Nick Onken: Photographer Spotlight

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This commercial spotlight features lifestyle and travel photographer Nick Onken. One of PDN’s 30 Emerging Photographers to Watch in 2010, Nick boasts a client list of top name brand companies including Walmart, Coca-Cola, Nike, Reebok, Time Warner and publications such as Seventeen, Cosmopolitan and the Improper Bostonian. He’s the author of a travel photography book, Photo Trekking, and speaks at different professional organization events across the country. Nick lives and works in New York City.

How long have you been working as a professional photographer? What did you do before then and how did you get started?

I went to school for and did graphic design for five years before thinking about going into the world of photography. I bought a digital camera and started shooting content for my design work, but really had no clue what I wanted. I convinced a non-profit design client to split the expenses on a trip to Africa to build a photo library for them. After that trip I realized I could do something I enjoyed, get paid, and I could travel. At that point I started talking to another photographer and getting acquainted with the world of photography. Eventually I assisted this photographer.

I was exploring my own work. I started shooting for modeling agencies while evolving my lifestyle concepts, and then eventually I started making my creative portfolio, website and marketing. It was a slow build process. I started doing a lot of e-promos or when I was traveling I set up a lot of meetings with art buyers. Making those connections and staying in touch with people eventually lead to work. Once they have a project that fits your work, you just hope they remember you.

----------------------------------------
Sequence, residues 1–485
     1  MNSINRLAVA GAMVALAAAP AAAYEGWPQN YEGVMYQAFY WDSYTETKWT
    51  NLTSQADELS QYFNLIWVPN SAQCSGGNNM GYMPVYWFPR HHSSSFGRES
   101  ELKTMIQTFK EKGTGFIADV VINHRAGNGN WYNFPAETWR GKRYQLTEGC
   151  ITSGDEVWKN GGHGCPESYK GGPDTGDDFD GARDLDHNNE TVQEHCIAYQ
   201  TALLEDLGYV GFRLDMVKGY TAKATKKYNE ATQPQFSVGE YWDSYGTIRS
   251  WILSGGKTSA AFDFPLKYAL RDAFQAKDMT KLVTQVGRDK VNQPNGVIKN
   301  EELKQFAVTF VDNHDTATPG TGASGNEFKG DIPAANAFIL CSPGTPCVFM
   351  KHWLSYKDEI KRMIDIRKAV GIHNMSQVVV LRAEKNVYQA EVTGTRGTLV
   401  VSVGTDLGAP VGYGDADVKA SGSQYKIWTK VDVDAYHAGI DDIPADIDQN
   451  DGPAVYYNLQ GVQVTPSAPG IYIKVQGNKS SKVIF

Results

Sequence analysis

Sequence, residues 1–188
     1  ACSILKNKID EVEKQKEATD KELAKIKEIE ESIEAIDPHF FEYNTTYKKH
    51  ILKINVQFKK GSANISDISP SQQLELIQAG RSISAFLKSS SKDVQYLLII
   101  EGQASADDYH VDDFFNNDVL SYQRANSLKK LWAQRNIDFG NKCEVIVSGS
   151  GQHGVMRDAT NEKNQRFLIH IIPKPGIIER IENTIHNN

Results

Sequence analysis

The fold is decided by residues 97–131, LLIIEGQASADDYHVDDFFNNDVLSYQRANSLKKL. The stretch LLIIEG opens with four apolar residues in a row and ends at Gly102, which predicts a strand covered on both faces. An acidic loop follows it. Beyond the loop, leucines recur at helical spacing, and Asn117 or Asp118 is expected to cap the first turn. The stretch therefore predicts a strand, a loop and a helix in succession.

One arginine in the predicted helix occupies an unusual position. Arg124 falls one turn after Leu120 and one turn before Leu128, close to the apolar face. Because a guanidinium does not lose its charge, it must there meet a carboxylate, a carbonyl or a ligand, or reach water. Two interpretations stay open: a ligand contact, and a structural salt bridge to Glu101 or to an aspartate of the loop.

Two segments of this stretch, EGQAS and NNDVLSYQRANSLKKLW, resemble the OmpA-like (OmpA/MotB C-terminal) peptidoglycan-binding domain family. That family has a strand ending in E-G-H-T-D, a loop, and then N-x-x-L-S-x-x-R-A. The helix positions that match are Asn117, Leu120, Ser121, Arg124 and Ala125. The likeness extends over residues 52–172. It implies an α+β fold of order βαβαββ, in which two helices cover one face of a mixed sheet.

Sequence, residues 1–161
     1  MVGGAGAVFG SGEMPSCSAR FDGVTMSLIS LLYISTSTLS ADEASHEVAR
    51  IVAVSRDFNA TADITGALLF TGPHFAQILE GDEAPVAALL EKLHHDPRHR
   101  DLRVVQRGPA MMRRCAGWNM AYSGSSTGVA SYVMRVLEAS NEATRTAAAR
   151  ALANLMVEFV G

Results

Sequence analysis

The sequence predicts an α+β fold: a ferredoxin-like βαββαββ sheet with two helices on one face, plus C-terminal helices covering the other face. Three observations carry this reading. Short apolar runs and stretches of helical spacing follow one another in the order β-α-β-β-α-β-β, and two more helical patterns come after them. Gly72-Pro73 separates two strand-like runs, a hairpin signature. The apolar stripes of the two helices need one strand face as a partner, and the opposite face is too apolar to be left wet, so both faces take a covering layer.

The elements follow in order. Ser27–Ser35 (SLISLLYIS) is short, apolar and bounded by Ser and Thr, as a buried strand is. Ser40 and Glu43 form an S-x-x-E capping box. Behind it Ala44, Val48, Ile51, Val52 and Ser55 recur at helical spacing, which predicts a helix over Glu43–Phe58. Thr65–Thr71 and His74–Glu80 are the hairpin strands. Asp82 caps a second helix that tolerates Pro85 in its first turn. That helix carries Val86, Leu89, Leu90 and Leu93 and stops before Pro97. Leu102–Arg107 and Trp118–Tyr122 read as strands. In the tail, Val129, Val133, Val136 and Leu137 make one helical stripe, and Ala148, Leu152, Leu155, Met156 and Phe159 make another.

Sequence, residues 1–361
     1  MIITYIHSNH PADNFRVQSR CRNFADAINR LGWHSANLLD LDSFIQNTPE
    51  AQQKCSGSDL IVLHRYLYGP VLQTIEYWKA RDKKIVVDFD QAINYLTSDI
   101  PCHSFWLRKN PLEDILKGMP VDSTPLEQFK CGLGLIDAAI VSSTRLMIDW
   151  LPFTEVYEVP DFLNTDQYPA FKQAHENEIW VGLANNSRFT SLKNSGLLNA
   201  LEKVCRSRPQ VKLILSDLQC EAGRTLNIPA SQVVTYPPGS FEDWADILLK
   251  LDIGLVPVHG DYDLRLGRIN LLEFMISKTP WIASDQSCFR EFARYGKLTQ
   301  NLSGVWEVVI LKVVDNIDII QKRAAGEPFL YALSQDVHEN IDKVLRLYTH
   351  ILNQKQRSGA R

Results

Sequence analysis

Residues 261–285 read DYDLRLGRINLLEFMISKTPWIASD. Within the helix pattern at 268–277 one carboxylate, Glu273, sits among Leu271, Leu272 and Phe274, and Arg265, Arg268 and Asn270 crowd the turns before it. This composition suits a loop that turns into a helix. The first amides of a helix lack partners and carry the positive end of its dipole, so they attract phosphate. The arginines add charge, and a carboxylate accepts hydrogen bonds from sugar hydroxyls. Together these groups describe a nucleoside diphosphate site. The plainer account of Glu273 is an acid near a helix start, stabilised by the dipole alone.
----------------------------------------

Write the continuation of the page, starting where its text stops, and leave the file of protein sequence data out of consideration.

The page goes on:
Take us through an average day or week. What’s your routine, or non-routine?

There is no such routine in my life/week. Since I shoot mostly location work, when I’m not traveling and working on set, I work out of my home office. There is quite a bit of work that comes with the business of photography that isn’t actually taking pictures (more in this blogpost: http://nonk.it/redic_work). Some days when I’m home, I’ll wake up, and respond to emails, work on promo campaign stuff, creative research, planning personal shoots etc. Some days I will meet with clients in the city. Days when I have jobs, I’ll typically be working on preproduction, looking through locations, casting, conference calls with art directors etc. Some times, we spend time estimating jobs, and doing creative calls to land those jobs.

Where do you find inspiration? What’s your creative process?

I find creative inspiration in many places, but traveling is huge for me. I am inspired by different environments and cultures. I’m inspired by the work of other photographers that I admire. I like to pull elements that I see from their work as inspiration. As far as creative process, I like to brainstorm ideas of what I’d like to do, then write a creative brief around that. Then go and produce it.